In the present case, the allegedly dangerous condition did not cause Yaklin's car to cross the center lines of the highway, nor did it cause plaintiff to cross into the northbound lane; it was not the absence of warning signs which caused plaintiff to drive against the pile of earth; nor is it contended on appeal that it was the impact with the piled earth which produced the physical injuries claimed by plaintiff. Seen as a possible contributory cause to the accident, the pile of earth could only be regarded as something that blocked plaintiff's attempt to avoid the collision. Indeed, this is what he contends.

It may be granted that if an impending possible collision of two cars might have been avoided by the driver of one of them who was not at fault and the possible avenue of escape was negligently blocked by a third person, such conduct should not be ruled out as negligence that contributed proximately to a resulting accident.

‘An act may be negligent if the actor intends to prevent, or realizes that it is likely to prevent, another or a third person from taking action which the actor realizes is necessary for the aid or protection of the other.’ (Rest., Torts, s 305, p. 830.)

If the action necessary for the protection of the injured person were self-help on his part, rather than protective action of a third person, the rule should be the same.

A situation somewhat analogous to that posited by the Restatement appears in Matoza v. Southern Pacific Co., 59 Cal.App. 636, 638, 211 P. 252, where the court found a defendant negligent who, with knowledge of the danger, obstructed a private farm crossing traversing its railroad tracks thereby preventing plaintiff from removing his herd of dairy cows from a field of green alfalfa, in consequence of which four of the herd overate and died.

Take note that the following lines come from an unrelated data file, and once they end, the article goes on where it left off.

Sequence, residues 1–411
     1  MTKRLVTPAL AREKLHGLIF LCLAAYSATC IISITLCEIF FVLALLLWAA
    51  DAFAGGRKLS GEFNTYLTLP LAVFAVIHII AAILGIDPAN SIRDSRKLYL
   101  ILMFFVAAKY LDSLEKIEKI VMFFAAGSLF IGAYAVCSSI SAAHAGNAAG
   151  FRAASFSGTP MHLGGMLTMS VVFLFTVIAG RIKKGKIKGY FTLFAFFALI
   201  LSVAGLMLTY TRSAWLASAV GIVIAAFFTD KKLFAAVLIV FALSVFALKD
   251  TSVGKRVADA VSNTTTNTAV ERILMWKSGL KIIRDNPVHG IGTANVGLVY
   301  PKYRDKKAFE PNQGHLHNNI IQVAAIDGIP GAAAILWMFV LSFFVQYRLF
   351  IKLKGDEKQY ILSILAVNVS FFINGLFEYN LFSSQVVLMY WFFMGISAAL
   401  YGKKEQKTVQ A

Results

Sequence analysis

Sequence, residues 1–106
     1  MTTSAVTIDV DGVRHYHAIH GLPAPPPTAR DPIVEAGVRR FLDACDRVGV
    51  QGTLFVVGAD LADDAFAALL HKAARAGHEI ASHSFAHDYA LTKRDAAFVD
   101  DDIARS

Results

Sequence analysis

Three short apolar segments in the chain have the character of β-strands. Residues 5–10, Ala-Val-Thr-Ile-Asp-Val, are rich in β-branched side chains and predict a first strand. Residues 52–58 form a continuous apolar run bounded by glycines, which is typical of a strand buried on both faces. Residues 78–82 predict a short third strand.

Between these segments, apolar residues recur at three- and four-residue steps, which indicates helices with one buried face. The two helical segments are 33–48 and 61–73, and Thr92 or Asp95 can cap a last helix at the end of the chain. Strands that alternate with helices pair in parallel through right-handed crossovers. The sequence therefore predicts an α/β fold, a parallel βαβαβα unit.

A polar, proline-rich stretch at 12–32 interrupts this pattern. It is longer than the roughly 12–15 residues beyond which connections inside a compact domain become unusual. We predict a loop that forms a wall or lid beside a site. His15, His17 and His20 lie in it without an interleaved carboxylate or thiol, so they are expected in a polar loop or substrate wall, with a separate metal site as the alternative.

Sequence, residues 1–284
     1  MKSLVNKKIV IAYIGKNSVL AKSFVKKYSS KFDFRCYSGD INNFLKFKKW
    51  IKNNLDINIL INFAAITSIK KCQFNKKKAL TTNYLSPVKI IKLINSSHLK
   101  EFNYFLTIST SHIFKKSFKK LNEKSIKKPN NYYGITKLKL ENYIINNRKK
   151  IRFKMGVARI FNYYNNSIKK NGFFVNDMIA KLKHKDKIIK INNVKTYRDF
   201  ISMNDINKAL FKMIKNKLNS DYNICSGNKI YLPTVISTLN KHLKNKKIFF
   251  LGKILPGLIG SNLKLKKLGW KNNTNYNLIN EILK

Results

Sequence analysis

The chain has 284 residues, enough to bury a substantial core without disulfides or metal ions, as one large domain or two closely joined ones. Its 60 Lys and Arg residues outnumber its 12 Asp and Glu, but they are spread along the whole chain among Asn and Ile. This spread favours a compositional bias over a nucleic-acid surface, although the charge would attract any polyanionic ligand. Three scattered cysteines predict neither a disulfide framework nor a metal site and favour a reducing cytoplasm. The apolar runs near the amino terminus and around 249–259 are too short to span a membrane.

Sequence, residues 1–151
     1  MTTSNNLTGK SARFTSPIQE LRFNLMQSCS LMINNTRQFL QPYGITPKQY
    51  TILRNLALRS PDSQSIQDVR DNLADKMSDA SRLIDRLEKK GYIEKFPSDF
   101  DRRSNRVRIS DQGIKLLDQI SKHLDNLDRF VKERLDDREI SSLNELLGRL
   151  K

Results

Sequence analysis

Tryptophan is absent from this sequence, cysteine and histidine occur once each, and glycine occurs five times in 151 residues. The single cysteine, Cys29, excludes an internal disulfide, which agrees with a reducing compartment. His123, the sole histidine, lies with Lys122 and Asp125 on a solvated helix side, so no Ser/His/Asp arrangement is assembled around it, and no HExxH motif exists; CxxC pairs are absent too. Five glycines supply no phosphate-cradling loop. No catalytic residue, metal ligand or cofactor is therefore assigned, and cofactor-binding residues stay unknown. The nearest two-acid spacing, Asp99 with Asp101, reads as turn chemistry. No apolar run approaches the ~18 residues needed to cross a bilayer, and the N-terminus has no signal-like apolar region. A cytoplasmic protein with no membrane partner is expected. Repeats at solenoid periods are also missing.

In the present situation, the inert presence of the earth, while not an active cause of the collision between the cars, may not be ruled out as a contributing factor.


We have mentioned a hypothetical situation in which one may be able to avoid the threatening action of another person by moving from the path of such threatening action, but the opportunity of escaping the danger is denied because the avenue is closed by the voluntary act of a third person who has observed all the circumstances and either has appraised or has had the opportunity of appraising them.